In addition, the FIL has set out the principle that the Chinese government shall establish a national security review of foreign investment without specifying the details.

On 19 December 2020, NDRC and MOFCOM jointly issued the Measures on Security Review of Foreign Investment, which took effect on 18 January 2021 (the Security Review Measures). The Security Review Measures amend the previous review framework stipulated by the Tentative Measures and provide detailed rules to tackle the rising national security concerns and to address the global trend of strengthening national security review on foreign investment.

Further, the M&A Rules contain, in effect, a restriction on 'round-trip' investments by requiring MOFCOM approval for any acquisition of a Chinese company by an offshore company formed or controlled by any Chinese entity or individual affiliated with the Chinese target company. Typically, this approval is not granted. Where the offshore structure was in place prior to the adoption of the M&A Rules in 2006, however, the acquisition of a Chinese target by the offshore entity may still be permitted.

Governance of and exit from onshore joint ventures

Since the FIL became effective, all FIEs are regulated pursuant to the Companies Law, the FIL and the FIL Implementation Regulation, which enables foreign shareholders in an FIE to more easily obtain or enforce certain contractual rights that are considered fundamental for private equity investors in other jurisdictions, including rights pertaining to governance and exit, compared with the old regulatory framework that applied to FIEs before the adoption of the FIL, as some previous onerous requirements on corporate governance of FIEs have been abolished (e.g., for Chinese–foreign EJVs, certain key corporate actions required unanimous approval by the board; a Chinese partner typically had the right to appoint at least one director, which basically gave the Chinese partner certain veto rights regardless of its shareholding percentage).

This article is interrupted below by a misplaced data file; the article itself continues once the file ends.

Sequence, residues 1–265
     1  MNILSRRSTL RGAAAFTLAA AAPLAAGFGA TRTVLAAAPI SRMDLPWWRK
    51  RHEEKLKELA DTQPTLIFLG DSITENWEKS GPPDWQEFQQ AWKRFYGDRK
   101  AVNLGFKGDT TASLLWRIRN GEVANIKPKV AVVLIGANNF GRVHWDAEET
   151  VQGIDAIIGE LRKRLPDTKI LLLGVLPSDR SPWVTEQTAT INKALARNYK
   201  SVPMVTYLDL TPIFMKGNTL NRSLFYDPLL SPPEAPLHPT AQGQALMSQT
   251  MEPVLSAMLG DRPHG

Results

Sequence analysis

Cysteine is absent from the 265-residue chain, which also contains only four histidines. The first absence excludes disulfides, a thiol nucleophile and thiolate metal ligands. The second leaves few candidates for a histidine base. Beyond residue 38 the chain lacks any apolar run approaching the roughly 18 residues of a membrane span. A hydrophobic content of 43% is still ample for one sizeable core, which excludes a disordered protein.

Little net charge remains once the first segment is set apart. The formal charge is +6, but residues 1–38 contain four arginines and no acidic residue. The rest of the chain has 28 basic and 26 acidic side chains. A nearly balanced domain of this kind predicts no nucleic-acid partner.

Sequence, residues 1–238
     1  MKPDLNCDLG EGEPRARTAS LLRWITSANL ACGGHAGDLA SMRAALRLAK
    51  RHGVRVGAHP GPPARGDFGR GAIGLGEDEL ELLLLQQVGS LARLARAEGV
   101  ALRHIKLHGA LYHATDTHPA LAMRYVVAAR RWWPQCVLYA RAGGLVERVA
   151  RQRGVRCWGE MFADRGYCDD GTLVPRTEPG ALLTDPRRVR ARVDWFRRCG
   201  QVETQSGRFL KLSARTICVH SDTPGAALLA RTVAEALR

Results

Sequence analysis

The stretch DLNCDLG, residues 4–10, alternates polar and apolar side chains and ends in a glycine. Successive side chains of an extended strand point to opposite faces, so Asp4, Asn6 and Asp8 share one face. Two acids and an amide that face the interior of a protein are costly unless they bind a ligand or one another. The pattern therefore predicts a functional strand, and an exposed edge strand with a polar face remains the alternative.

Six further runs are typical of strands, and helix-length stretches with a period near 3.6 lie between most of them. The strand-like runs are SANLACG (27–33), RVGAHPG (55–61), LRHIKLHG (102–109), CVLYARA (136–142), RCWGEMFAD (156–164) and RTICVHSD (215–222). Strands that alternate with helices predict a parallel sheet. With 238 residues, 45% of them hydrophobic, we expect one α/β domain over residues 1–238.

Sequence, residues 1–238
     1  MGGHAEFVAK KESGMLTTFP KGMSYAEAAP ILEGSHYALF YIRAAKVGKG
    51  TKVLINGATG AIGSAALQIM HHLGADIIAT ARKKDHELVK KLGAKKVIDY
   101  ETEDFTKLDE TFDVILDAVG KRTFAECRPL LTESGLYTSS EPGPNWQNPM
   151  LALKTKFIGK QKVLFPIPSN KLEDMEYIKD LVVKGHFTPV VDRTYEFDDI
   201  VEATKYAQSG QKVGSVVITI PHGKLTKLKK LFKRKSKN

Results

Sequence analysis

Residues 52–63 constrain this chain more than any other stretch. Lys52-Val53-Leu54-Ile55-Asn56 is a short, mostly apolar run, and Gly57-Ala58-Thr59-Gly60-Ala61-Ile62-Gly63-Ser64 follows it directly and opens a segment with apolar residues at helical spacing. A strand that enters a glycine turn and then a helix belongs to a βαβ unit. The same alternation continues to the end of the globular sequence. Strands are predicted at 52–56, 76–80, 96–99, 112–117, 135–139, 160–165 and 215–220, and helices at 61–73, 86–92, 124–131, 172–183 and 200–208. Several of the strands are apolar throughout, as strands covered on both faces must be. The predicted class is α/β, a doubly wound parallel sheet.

If the Chinese shareholder is a state-owned enterprise (SOE), enforcement may be a bit difficult, as a transfer of an SOE's interest in a joint venture is subject to a statutory appraisal and an open bidding procedure, unless waived by the appropriate authorities. Regardless of what rights may be contained in a joint venture contract, a local Chinese court injunction granting specific performance against a Chinese shareholder and in favour of a foreign investor is far from certain.

Implications of the regulatory framework on a transaction structure